Anonymous said...

The properties you refer to in Virginia are largely unimproved land and other holdings not used for worship purposes, BB. A tragedy for the Episcopal Church would be for the notion to get into wide circulation that when a person leaves, he/she can just grab stuff on the way out. I know of no situation where any litigation has occurred except where people who, for a variety of reasons, some of them quite estimable, have decided to seize things. The litigation that everyone decries is completely reactive to that sort of behavior, behavior that is totally unnecessary and avoidable.

BTW, what happened at St. James? Did the Supreme Court deny certiorari? That would not be at all surprising. The only way that I thought they might grant cert was if they looked out and saw a number of these cases headed their way from different jurisdictions. But it is not their way to act anticipatorily (is there such a word) like that.

Scout

Anonymous said...

Another tragedy for TEC is that it takes an implied trust such as the Denis Canon to (attempt to)slow the stream of people leaving.

Sort of TEC's Berlin Wall, I guess.

RalphM

cyndee said...

Anon - feel the christian love. A true episcopalian.

Fr. Daniel Weir said...

The Denis Canon may, in some cases, have some effect on the decision to stay or to leave, but I think those cases will be very few. Here in Western New York, where state law supports the Denis Canon, people have made the conscientious choice to leave and have walked away from the buildings in which they once worshipped. Comparing the Denis Canon to the Berlin wall is, IMV, an insult to those who suffered under Soviet oppression. As difficult as things may be for traditionalists, the comparison is inappropriate.

Anonymous said...

You keep implying that the Diocese is going to sell property that is subject to the lawsuit. It is inaccurate, and unfair, to do so - you are misleading your readers. The Diocese has stated any number of times that it will sell unconsecrated property that is not part of the lawsuit.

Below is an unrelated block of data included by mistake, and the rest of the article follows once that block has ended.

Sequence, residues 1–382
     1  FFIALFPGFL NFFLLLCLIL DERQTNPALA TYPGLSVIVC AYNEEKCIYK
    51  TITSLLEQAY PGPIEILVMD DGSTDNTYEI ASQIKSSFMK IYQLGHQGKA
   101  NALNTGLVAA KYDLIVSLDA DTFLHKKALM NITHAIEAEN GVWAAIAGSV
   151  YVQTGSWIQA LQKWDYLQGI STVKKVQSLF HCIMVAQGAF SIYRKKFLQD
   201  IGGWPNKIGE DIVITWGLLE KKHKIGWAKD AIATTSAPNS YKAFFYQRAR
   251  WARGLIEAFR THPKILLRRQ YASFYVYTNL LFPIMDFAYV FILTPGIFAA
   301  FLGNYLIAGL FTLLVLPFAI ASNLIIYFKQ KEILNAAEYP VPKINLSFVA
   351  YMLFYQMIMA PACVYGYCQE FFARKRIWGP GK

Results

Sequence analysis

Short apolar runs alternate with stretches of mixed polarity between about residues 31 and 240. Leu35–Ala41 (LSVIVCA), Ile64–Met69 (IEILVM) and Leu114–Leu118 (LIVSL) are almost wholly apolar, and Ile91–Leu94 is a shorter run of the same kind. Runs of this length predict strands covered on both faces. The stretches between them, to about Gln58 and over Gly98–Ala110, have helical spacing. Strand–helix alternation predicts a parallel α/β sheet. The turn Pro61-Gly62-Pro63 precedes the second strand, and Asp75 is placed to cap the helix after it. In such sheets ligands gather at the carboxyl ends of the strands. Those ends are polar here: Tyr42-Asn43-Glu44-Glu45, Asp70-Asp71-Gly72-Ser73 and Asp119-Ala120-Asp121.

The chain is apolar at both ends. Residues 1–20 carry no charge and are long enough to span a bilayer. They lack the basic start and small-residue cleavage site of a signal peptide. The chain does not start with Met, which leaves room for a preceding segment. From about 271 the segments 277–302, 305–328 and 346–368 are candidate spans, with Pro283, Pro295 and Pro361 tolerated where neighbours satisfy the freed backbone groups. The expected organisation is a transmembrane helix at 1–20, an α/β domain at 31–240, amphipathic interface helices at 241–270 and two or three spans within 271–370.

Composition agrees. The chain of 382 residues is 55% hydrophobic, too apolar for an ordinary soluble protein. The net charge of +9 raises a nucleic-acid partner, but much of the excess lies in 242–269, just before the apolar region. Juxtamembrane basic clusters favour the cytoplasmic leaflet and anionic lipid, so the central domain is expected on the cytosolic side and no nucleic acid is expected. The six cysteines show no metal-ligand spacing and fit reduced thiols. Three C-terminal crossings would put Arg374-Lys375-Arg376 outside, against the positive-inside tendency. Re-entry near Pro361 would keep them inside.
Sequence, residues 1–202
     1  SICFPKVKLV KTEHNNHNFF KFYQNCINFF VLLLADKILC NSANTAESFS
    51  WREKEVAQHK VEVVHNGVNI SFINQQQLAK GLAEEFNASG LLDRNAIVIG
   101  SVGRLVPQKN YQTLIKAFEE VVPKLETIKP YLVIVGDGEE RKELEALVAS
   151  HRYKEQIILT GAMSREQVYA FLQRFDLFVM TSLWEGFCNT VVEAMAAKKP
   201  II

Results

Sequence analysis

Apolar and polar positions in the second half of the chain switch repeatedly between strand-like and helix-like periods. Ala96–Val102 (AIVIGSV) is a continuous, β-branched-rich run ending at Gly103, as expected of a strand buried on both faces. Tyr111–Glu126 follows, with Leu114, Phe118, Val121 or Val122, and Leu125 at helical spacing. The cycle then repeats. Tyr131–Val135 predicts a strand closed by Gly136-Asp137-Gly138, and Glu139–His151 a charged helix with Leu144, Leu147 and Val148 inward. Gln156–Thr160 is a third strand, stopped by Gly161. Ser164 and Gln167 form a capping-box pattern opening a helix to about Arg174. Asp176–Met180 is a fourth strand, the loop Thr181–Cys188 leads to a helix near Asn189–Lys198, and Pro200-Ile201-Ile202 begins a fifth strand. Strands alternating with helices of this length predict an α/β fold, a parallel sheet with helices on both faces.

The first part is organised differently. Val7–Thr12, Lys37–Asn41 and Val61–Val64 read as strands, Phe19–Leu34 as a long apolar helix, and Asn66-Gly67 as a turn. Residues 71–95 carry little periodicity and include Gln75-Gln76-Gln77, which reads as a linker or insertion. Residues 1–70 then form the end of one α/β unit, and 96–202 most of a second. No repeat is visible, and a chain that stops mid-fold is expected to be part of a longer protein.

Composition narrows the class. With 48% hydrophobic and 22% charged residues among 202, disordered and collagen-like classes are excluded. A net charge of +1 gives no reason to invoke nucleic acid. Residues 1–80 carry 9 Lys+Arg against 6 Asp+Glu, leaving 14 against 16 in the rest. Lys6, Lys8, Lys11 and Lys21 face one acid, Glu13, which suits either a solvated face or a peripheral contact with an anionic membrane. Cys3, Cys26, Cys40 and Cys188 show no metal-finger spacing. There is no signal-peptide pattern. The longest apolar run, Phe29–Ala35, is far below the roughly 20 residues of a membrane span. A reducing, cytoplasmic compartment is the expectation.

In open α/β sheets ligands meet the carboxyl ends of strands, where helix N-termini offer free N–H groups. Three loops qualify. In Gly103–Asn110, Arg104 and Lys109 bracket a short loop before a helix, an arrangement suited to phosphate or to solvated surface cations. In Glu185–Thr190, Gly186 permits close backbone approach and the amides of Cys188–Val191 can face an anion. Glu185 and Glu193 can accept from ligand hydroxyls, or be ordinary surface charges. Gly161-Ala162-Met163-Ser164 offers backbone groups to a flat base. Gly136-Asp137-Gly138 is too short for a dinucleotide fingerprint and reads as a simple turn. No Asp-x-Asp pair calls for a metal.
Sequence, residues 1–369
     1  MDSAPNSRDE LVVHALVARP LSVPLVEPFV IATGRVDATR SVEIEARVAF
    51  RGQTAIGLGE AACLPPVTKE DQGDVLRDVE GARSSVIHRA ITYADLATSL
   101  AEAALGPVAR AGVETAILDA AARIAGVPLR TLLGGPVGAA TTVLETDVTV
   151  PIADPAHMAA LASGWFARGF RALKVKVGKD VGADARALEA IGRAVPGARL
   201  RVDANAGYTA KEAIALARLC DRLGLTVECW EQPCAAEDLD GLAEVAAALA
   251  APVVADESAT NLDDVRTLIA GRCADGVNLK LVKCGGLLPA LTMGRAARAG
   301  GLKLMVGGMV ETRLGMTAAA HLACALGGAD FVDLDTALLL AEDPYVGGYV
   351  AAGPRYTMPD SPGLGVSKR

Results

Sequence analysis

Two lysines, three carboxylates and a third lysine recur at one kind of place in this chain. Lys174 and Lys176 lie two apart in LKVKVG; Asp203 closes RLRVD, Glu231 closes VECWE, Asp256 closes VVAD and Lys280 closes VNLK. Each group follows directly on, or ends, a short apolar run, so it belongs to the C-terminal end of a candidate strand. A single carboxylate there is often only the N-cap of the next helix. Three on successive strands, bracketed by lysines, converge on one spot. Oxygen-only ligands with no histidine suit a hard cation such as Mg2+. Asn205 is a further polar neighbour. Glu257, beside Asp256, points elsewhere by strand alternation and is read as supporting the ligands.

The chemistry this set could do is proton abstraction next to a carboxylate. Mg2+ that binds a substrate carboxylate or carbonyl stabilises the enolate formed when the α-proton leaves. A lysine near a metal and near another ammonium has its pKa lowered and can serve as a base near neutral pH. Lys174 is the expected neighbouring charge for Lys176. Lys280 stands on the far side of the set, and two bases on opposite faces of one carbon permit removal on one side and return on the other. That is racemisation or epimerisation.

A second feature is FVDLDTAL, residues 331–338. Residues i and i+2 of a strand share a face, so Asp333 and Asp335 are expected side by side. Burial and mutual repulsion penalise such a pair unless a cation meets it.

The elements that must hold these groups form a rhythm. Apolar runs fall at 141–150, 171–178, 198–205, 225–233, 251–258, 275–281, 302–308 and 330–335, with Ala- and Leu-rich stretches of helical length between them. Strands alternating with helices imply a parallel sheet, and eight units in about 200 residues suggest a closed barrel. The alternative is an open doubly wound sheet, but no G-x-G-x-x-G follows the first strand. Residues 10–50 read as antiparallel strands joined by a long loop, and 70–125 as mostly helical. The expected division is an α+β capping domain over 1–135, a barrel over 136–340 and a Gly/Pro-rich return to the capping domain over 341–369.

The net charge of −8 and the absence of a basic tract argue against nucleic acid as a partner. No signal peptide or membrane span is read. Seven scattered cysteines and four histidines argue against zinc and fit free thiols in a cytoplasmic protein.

No, there won't be a standdown. The case is too important to too many folks and churches to stop. Look at the amici on the side of the Diocese.

And I agree - you better practice writing something for the day the Virginia case goes their way, not yours.

BabyBlue said...

What some of you may not understand is that we are talking about properties have congregations of over 1,000 people.

The properties include the church building(s) but also many other buildings and land and homes. We're not talking about the little Episcopal Church with the red door - these are properties that have schools and education buildings and parkinglots. There is no way that the Diocese is going to be able to afford the upkeep of all these buildings (and even the parkinglots, as this winter has proven to be enormously expensive and yet the people of our congregations have been extraordinarily generous) - much less pay the staff to keep the churches in operation. 815 may not have completely grasped the scope of the Virginia churches or that thousands of members give generously to those churches, they are not endowed. The Anglican District of Virginia alone could be a medium sized diocese in TEC even now (and it's still growing) and is certainly far larger than, say, the Diocese of Nevada. The buildings in question are not just the churches, but the many buildings that are used to sustain and encourage the ministry that goes on inside them.

Please come visit us some time - you can see for yourselves. And you are all welcome.

bb

Anonymous said...

"Comparing the Denis Canon to the Berlin wall is, IMV, an insult to those who suffered under Soviet oppression."

The significance of the Berlin Wall is that a regime had to use repressive methods to keep its citizens from fleeing. The analogy fits.